Yes, you are deliberately seeing double here… well, very nearly. Two pictures tell a couple of thousand words, but here’s the textual version that tells the rest of the story.
Puzzled Pint is a monthly, casual puzzling event as previously discussed on this site. The simplest way to think of it is to imagine a pub quiz that you solve with a team of your friends, but replace the quiz questions with puzzles: all sorts of puzzles – word puzzles, picture puzzles, maybe codes, perhaps maths or logic puzzles – and usually very good ones. The atmosphere is deliberately accessible and hints are freely available, so everyone can have the fun of surprising themselves by solving puzzles that they thought they would never be able to solve.
The event started almost five years ago in Portland in the north-west of the United States and made the relatively short hop to spawn in Seattle in mid-2012. People started saying “if it’s possible to host a Puzzled Pint in two cities, is it possible to host one elsewhere?” and London caught the bug in late 2013. From there, people started saying “if London can, then surely we can too”; Chicago started a year ago and was a big hit, and the last year has seen rapid growth. This month’s event can be expected to have gatherings in three countries, something like fourteen cities (or areas – depends what you count, really) and eighteen locations within those cities. It’s big enough now that it’s getting hard to keep count.
The difference between the fourteen cities and the eighteen locations arises because there are several cities where Puzzled Pint has become so popular that a single pint glass is no longer sufficient to contain all the goodness – and, rather than overflow, it has become a Quizzical Quart. Seattle has split into City and Eastside, the Bay Area has split into San Francisco and the Peninsula (i.e. greater Silicon Valley) and the original Portland site will be splitting from this month onwards as well. As the graphic suggests, so will London. Late last year, London Puzzled Pint was attracting crowds of 50 or 60; this year, January drew well over 70, and February well over 90.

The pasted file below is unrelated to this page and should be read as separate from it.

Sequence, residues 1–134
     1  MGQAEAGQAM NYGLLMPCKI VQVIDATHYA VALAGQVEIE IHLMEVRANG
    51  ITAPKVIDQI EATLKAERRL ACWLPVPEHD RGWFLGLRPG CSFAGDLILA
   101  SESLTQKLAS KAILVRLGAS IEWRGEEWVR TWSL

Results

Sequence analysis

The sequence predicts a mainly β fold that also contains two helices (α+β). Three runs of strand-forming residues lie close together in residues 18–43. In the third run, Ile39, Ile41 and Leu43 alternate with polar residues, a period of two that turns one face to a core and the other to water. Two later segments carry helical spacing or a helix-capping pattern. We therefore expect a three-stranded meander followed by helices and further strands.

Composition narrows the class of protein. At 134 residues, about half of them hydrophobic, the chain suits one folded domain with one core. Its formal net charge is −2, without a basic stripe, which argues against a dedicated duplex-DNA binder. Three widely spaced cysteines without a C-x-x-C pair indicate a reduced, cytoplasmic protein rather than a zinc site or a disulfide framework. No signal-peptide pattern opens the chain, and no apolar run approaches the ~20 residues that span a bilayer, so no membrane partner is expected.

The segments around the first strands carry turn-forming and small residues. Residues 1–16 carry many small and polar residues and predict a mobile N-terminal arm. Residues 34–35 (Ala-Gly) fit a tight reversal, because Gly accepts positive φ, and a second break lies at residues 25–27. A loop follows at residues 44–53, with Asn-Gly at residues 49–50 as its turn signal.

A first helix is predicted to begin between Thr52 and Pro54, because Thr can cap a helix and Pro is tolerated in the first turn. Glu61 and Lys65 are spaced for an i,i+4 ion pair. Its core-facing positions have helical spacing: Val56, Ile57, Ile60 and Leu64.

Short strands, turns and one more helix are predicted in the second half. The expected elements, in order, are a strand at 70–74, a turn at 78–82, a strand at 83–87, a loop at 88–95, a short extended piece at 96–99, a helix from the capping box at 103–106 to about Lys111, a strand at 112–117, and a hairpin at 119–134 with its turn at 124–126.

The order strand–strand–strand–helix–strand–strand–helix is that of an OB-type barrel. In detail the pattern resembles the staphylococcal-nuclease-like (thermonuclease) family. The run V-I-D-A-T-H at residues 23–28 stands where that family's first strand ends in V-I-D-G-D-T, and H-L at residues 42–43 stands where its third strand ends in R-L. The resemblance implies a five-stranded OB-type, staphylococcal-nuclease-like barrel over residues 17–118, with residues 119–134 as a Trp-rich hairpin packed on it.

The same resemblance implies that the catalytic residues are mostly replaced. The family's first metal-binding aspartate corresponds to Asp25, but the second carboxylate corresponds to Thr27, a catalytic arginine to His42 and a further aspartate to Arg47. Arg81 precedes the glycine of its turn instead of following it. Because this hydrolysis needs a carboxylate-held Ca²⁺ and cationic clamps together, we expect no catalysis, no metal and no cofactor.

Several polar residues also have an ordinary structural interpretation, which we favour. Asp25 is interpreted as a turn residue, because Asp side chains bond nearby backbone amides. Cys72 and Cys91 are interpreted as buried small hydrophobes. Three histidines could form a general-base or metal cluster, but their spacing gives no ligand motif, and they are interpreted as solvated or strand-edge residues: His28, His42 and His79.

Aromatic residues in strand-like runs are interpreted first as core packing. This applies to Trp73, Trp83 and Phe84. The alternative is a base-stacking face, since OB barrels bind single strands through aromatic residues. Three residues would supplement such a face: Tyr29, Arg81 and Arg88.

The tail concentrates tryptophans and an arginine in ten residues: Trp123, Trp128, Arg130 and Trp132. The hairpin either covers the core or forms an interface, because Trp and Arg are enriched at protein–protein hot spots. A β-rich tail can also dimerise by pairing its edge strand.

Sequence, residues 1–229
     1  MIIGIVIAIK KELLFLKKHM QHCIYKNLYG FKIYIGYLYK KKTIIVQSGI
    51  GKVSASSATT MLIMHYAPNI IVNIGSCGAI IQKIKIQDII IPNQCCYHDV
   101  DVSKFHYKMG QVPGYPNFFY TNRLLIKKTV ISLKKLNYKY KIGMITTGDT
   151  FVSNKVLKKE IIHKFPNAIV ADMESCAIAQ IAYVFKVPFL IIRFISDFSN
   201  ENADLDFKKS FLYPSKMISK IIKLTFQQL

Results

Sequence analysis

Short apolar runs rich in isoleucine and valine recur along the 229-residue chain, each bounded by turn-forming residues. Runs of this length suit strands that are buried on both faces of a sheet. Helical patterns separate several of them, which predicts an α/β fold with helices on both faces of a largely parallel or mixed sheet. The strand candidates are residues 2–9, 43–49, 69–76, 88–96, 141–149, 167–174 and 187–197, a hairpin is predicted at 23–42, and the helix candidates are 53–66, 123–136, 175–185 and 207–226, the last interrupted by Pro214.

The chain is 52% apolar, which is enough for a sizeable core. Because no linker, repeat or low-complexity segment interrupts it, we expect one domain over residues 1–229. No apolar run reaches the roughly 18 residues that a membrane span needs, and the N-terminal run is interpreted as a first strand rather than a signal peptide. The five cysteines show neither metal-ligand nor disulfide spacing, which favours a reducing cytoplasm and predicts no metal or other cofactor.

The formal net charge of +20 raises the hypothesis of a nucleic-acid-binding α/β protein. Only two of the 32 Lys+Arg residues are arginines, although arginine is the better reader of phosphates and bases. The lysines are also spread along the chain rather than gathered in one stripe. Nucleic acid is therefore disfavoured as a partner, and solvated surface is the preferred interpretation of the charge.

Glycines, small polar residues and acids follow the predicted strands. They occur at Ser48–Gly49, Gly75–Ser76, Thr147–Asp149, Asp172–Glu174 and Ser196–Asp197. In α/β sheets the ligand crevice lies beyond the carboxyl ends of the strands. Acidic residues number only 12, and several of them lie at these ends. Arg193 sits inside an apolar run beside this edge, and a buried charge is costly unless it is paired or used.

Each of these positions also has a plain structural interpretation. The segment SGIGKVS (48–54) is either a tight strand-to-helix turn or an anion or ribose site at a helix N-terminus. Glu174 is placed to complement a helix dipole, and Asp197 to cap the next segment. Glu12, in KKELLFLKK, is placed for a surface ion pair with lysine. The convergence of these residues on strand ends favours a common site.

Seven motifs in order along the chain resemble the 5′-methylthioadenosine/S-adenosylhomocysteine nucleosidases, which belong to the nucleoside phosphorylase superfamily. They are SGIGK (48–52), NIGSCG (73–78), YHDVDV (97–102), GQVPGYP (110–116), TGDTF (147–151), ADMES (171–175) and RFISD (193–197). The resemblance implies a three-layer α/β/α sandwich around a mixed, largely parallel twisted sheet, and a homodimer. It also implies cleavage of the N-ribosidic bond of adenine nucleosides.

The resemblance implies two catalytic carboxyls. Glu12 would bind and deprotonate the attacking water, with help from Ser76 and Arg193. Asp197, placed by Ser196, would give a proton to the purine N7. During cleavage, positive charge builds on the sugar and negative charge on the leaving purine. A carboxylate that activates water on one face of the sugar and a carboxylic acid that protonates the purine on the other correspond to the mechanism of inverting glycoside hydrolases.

However, the London situation won’t be quite the same as the others; instead of being two separate locations, it will become two halves of one large location, simply because London has very few (if any?) sufficiently large venues available that press all the Puzzled Pint buttons. Instead of splitting into, say, East and West, the London halves have gone for something rather more local: Bubble and Squeak. (Holmes and Watson was another pair of names under consideration, but implied one half was junior to the other… and one half might always be near Baker Street. So was Dots and Dashes, but that could be confusing.) Perhaps the Bubble location will be more convenient for your team one month, perhaps the Squeak location will work better for you the next month; chop and change according to your mood.
The latest location puzzle is up, and it’s a fun one – just be sure to solve it from the screen, not a printout! Once you’ve put the answer together, you’ll find the two locations and pick which one suits you better.
The north-west has so many exciting exit games going on, and such a well-ingrained puzzle crowd, that it seems likely that – over time – Puzzled Pint might thrive there as well. (Don’t necessarily expect an overnight success; see how small many other cities’ events were at their start, and two of the first three London events had no more than five teams each.) It just takes someone to be willing to commit to running it. On the other hand, MCR folk, you do get your own cool-looking games sessions, like this one on Wednesday afternoon…